3. Studies are being performed to develop an impedance pedicle probe to aid safe insertion of pedicular instrumentation in the lumbar spine. Ongoing studies are being performed to define the optimal frequency for the probe to yield the most sensitive and specific device. Hopefully this will lead to development of a device for human use. Studies will compare impedance probe to currently used EMG techniques to see if combing them will lead to greater sensitivity and specificity.

    4. Studies are being completed on testing particular pull-out strength and doing a multi-varied analysis looking at size of the pedicle and bone density by two different techniques.

    5. Current work is ongoing to develop an outcomes instrument and database to be used in the outpatient setting for patients with spinal complaints, both cervical and lumbar. The device will be used to evaluate clinical effectiveness for a variety of treatments for spinal conditions and to look at patient satisfaction issues.

Lynn Smith-Lovin

Robert L. Wilson Professor Distinguished of Sociology

I study emotion, identity, and action. I’m interested in the basic question of how identities affect social interaction. I use experimental, observational, survey and simulation methods to describe how identities, actions and emotions are interrelated. The experiments I do usually involve creating social situations where unusual things happen to people, then seeing how they respond behaviorally or emotionally. I observe small task group interactions to see how identities influence conversational behavior. My survey work often focuses on gender and other social positions that influence the groups and networks in which people are imbedded. My simulations studies involve affect control theory, a mathematical model of how identities, actions and emotions affect one another. Now, I’m putting affect control theory together with McPherson’s ecological theory of affiliation to show how social systems, identities, and emotional experience are connected.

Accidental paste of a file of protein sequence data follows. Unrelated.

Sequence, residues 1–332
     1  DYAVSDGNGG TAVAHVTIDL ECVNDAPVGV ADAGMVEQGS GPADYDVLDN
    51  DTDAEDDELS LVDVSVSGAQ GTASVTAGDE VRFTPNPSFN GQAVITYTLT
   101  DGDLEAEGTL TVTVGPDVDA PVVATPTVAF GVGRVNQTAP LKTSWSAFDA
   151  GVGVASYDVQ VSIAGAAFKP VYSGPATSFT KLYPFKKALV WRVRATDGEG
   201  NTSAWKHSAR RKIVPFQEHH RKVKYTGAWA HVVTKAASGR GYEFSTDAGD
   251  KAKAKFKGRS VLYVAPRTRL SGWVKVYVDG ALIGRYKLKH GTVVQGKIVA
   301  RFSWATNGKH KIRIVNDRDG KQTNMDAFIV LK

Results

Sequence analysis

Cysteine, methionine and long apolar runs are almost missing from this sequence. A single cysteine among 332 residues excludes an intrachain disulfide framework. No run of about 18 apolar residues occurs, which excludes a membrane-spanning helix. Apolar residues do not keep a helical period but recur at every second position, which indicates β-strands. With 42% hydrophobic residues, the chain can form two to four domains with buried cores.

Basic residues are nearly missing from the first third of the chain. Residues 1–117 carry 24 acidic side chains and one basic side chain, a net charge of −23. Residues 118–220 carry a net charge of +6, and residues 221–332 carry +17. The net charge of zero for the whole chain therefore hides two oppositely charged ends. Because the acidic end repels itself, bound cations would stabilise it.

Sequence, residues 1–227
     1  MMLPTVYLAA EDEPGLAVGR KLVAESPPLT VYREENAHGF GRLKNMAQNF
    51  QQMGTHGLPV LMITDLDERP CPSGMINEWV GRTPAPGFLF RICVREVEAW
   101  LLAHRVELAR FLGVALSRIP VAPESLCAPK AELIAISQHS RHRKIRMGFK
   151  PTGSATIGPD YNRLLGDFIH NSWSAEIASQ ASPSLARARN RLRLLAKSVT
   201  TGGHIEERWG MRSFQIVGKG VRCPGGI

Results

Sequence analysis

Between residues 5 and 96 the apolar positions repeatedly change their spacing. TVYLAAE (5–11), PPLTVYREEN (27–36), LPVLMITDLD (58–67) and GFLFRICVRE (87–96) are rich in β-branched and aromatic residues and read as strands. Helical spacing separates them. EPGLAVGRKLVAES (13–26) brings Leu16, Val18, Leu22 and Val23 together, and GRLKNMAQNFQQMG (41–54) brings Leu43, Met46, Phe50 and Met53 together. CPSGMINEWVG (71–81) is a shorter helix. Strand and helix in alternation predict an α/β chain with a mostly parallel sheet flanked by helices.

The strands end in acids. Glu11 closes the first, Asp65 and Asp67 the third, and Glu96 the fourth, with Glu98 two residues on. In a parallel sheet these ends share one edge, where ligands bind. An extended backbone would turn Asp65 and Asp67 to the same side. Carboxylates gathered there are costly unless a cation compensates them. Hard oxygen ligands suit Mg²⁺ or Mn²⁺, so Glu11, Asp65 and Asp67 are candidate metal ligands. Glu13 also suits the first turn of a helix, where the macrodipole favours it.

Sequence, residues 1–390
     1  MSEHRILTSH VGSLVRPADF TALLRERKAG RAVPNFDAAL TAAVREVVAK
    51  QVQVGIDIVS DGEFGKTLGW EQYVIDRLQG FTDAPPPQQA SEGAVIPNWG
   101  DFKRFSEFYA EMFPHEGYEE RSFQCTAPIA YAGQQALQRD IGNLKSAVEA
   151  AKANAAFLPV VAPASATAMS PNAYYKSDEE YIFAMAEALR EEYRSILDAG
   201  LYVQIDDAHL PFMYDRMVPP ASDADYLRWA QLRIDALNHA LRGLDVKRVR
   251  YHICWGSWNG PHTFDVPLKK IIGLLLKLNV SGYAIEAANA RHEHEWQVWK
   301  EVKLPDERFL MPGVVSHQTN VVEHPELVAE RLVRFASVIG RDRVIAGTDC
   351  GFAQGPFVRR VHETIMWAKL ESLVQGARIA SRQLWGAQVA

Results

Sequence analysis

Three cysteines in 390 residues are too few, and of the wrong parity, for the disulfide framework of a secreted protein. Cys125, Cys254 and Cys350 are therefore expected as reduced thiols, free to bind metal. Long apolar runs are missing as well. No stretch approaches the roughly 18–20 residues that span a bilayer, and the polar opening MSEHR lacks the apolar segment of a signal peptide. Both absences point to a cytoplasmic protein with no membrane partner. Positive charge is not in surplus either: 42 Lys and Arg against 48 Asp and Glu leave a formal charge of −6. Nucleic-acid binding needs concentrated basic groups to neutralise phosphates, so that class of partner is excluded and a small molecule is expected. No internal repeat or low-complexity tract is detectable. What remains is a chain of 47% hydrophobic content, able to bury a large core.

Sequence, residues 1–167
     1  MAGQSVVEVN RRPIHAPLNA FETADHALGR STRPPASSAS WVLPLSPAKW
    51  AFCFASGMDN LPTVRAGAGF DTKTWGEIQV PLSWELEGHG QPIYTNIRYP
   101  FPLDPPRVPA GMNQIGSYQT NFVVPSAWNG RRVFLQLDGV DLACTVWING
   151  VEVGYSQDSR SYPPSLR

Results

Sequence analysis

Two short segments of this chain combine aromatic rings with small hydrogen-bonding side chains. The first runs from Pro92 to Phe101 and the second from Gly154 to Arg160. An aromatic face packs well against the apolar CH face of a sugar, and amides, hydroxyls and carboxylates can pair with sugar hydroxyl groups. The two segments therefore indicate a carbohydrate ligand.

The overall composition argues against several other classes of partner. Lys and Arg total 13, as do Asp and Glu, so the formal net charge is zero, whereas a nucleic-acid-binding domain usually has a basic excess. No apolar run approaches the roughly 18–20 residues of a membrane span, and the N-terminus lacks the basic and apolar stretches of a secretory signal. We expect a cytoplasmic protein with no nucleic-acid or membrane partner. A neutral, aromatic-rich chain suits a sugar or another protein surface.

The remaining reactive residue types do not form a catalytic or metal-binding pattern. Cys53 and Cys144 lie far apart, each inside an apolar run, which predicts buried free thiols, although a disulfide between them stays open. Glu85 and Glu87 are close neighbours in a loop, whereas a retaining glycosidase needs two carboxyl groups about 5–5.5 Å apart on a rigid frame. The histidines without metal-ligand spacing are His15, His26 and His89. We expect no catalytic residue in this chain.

John McCray Dement

Professor Emeritus in Family Medicine and Community Health

Research interest focus on occupational and environmental epidemiology including exposure assessments for epidemiological studies. Exposure assessments involve the development of new and innovative exposure assessment methods and application of these methods to cohort and case-control studies of exposed populations. Research topics include occupational lung diseases and occupational and environmental carcinogens such as asbestos fibers, man-made fibers, and benzene. Epidemiological studies involve the development of quantitative risk estimates for occupational diseases among cohorts of workers exposed to substances such as asbestos. Other ongoing occupational lung disease studies include assessments of exposures and lung diseases among construction workers at Department of Energy nuclear facilities. The objective of this research is to identify possible occupational and personal factors related to the risk of lung diseases such as asbestosis, silicosis, and COPD.

Construction industry health and safety research is another area of research focus. This research includes development of epidemiological surveillance methods for work related diseases and injuries using existing data sources such as medical claims and worker compensation data. Work related musculoskeletal diseases among carpenters are currently being studied in collaboration with the United Brotherhood of Carpenters.

Other ongoing research includes the development and implementation occupational safety and health surveillance systems for health care workers. The objective of this research is to develop, implement, and evaluate a model surveillance program which can be implemented in other health care settings. This project involves both population-based and case-based surveillance strategies. Surveillance and prevention programs for workplace violence experienced by health care workers is a research interest,

Prevention and management of diabetes and cardiovascular diseases among workers participating in multi-employer health funds is a current area of research interest.